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temperature ever recorded in europe. it has been prompted by an anticyclone, that's an area of high atmospheric pressure that's currently sitting across north africa and much of southern europe. it's push temperatures to the mid to high 40s here and also getting towards spain and portugal as well. it has contributed to a bout of wildfires as well. there has been about 500 wildfires in italy over the last couple of days and four people have died from the flames. the only solution for those going mountains for the moment are, bottles of water, italian ice cream, and to get to the top, where it is significantly cooler. the united states is facing some of the worst forest fires in its history, with some of the blazes visible from space. but the haze of smoke hanging over parts of the country mean it's hard to spot exactly where the fires are burning on the ground. now aerial teams are using infra—red technology which allows them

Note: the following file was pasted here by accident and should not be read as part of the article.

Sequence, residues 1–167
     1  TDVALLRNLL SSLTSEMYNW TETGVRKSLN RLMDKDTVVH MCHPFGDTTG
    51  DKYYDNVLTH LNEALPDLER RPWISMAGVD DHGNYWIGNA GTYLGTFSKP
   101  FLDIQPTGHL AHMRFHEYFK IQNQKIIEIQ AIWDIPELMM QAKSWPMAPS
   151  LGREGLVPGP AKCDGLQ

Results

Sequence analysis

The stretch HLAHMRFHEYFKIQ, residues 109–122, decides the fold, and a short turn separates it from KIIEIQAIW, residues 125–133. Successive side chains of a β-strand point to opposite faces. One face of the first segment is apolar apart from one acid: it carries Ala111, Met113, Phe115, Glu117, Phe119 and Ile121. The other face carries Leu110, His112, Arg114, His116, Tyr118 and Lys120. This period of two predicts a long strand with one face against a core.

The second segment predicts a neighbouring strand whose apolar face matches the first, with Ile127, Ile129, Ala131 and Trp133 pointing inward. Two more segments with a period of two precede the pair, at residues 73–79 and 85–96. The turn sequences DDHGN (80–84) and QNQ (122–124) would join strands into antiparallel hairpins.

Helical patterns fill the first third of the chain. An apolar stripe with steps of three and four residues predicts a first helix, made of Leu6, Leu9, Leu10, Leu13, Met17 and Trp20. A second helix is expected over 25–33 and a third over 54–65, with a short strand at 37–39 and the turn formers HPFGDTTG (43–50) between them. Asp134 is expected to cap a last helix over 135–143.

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to pinpoint where forests have caught alight, and pass the information to firefighters. james clayton has joined one team flying over washington state. this is the dixie fire in northern california. it has been blazing since the middle ofjuly and has continued to grow. it is now the second—largest wildfire in state history. it has already consumed an entire town, yet it is just one of the many fires americans have faced this year. the weather outlook is bad too, with drought and heat waves across many western states. some experts worry that this could go on for months. this aerial scanning team has been making intense night—time reconnaissance trips over forest fires for two months now. mike murphy's mission is to get as close to the fires as possible to scan them and then send detailed maps to firefighters on the ground. these are intense flights between eight and ten hours long, and i have been allowed tojoin them. tonight's flight is over